It's no surprise to learn the owner is an archaeologist, but his finds have been placed in a very sleek setting. Backlit reception desks and a wow-factor glass roof over the central courtyard scream cool. The rooftop terrace has a small pool and sunloungers arranged to catch the afternoon rays.

The rooms revel in a glorious richness, with bedspreads that resemble snakeskin and blinds that are electronically controlled from the bed. In short, staying at Hotel Urban is the sensory equivalent of drinking a well-cellared vintage wine.
Rooms: Doubles from €182 (£129). 

Best for museums: La Pepa Chic B&B
Generally, you'll pay a premium for being so close to the big museums. But this perky B&B is almost next door to the Thyssen-Bornemisza and is available for a fraction of what you'd pay at the Westin Palace opposite. There's enough of a design flourish to make it interesting too — old wooden doors are used as headboards and children's shoes are used as slightly strange but cute decoration. Sliding doors and freestanding clothes rails are used to maximise space, and the admirably leisurely breakfast runs until 11.30am.
Rooms: Doubles from €61 (£43). 


Opinions as to what Salamanca, to the east of Chueca, is about rather depend on your perspective. To some people, it's the snootiest part of Madrid, where money counts for more than character. To others, it's the city at its most chic, where the finest local designers strut their stuff among international labels. The truth lies somewhere between the two. Salamanca is certainly showy, but the shopping scene isn't just about having large credit card limits. There are also plenty of absolutely gorgeous buildings flanking the wide streets, and more than enough spots to eat well and throw back cocktails on a terrace.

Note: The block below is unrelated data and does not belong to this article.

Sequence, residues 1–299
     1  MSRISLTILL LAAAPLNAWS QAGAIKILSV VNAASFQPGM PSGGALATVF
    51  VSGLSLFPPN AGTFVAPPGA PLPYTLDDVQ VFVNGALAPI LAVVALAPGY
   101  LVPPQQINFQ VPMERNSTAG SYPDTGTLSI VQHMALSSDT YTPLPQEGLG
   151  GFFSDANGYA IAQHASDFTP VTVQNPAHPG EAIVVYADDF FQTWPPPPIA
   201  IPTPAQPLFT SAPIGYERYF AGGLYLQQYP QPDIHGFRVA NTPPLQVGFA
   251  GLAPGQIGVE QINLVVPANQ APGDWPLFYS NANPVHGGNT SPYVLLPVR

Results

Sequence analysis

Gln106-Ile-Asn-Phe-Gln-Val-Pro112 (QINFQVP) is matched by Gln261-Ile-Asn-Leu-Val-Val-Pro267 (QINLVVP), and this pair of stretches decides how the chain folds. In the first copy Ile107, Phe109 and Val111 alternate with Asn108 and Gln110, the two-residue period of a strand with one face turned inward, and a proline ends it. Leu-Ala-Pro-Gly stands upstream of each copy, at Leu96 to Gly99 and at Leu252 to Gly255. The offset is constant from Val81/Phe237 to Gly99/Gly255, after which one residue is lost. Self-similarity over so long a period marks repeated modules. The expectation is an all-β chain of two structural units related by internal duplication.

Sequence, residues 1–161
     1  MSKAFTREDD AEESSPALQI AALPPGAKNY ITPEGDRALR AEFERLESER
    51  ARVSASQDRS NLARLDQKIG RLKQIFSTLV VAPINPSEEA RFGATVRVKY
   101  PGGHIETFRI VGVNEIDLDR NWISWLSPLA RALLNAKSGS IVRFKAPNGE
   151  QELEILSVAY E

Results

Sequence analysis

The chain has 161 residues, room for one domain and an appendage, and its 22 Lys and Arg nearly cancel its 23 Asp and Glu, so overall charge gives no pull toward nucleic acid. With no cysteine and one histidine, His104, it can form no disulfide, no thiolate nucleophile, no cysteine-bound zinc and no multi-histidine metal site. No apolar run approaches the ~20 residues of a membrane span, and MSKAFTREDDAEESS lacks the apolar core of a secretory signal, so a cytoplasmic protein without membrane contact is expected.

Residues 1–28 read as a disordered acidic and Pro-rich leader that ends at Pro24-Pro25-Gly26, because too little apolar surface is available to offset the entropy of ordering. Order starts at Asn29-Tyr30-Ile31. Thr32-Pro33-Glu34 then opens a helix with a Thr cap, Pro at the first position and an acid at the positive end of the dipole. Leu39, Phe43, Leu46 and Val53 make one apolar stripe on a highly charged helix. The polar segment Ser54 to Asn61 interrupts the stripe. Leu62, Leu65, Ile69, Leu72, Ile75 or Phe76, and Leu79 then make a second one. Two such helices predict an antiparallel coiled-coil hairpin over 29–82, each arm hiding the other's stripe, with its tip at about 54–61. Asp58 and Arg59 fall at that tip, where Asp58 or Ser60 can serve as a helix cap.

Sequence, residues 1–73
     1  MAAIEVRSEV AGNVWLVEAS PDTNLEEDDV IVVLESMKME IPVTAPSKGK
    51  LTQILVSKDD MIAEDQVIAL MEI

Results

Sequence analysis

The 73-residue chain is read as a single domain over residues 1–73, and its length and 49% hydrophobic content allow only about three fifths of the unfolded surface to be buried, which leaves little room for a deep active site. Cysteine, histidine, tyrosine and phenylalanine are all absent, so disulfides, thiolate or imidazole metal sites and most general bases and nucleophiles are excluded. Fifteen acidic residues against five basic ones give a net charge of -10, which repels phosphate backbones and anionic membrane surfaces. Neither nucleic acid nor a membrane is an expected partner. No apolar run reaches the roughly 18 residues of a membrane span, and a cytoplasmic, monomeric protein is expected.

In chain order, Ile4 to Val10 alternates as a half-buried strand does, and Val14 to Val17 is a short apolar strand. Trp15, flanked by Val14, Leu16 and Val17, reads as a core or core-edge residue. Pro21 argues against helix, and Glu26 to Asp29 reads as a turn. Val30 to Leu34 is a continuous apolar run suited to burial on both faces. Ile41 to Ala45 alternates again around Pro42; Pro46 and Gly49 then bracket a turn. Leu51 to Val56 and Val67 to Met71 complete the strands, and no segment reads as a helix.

Best for parklife: Hospes Madrid
The front-facing rooms have stellar views over Puerta de Alcalá, but it's what's behind it that's key. El Retiro, Madrid's grandest people-watching park, is merely a few footsteps away from the hotel. There are hints of grandeur in the lobby's stucco work, but the general look is one of calming wooden floors and crisply comfortable whites and creams.
Rooms: Doubles from €183 (£130). 

We recommend: Hotel Wellington
At first glance, the Wellington looks like a stuffy, old-fashioned five-star complete with daft-suited porters. But then you start to notice the unusual elements. The English-style pub for ill-judged 4am nightcaps; the plastic cows dressed up as bullfighters; the rooftop veg garden. The Kabuki Japanese restaurant, meanwhile, was the first in Spain not serving Spanish food to get a Michelin star. In summer, the deal-sealer is the outdoor deck area, with its orange trees and large pool.
Rooms: Doubles from €171 (£121).

Best for food: Hotel Único
Reservations are required well in advance to sample the handiwork of two Michelin-star chef Ramón Freixa in the intimate, eponymous in-house restaurant. The Único is also in the best spot for designer shopping. The almost entirely mirrored staircase gives way to rich dark-wood backboards dominating the rear wall, and free handbooks packed with hints on how to best enjoy the city are a bonus.
Rooms: Doubles from €205 (£146). 

Published in the November 2015 issue of National Geographic Traveller (UK)